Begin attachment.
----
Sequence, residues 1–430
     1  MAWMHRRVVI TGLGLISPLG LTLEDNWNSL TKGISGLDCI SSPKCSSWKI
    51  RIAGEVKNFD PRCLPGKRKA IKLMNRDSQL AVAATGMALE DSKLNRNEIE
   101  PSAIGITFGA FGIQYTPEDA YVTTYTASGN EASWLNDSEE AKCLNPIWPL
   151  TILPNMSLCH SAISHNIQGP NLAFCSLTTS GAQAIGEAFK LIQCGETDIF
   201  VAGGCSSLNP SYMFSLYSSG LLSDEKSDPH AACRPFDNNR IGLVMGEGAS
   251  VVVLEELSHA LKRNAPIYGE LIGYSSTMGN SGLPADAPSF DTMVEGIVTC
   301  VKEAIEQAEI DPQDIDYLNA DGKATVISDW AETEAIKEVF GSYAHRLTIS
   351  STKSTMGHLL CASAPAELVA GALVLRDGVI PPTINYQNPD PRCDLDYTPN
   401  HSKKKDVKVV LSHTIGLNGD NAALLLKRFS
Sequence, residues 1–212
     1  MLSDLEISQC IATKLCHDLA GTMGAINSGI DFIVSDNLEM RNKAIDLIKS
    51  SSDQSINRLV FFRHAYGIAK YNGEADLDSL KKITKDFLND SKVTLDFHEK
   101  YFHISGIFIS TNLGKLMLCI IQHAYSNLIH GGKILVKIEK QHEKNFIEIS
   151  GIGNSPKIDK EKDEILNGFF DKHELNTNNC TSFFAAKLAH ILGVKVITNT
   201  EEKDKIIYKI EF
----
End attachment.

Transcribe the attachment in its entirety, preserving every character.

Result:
Sequence, residues 1–430
     1  MAWMHRRVVI TGLGLISPLG LTLEDNWNSL TKGISGLDCI SSPKCSSWKI
    51  RIAGEVKNFD PRCLPGKRKA IKLMNRDSQL AVAATGMALE DSKLNRNEIE
   101  PSAIGITFGA FGIQYTPEDA YVTTYTASGN EASWLNDSEE AKCLNPIWPL
   151  TILPNMSLCH SAISHNIQGP NLAFCSLTTS GAQAIGEAFK LIQCGETDIF
   201  VAGGCSSLNP SYMFSLYSSG LLSDEKSDPH AACRPFDNNR IGLVMGEGAS
   251  VVVLEELSHA LKRNAPIYGE LIGYSSTMGN SGLPADAPSF DTMVEGIVTC
   301  VKEAIEQAEI DPQDIDYLNA DGKATVISDW AETEAIKEVF GSYAHRLTIS
   351  STKSTMGHLL CASAPAELVA GALVLRDGVI PPTINYQNPD PRCDLDYTPN
   401  HSKKKDVKVV LSHTIGLNGD NAALLLKRFS
Sequence, residues 1–212
     1  MLSDLEISQC IATKLCHDLA GTMGAINSGI DFIVSDNLEM RNKAIDLIKS
    51  SSDQSINRLV FFRHAYGIAK YNGEADLDSL KKITKDFLND SKVTLDFHEK
   101  YFHISGIFIS TNLGKLMLCI IQHAYSNLIH GGKILVKIEK QHEKNFIEIS
   151  GIGNSPKIDK EKDEILNGFF DKHELNTNNC TSFFAAKLAH ILGVKVITNT
   201  EEKDKIIYKI EF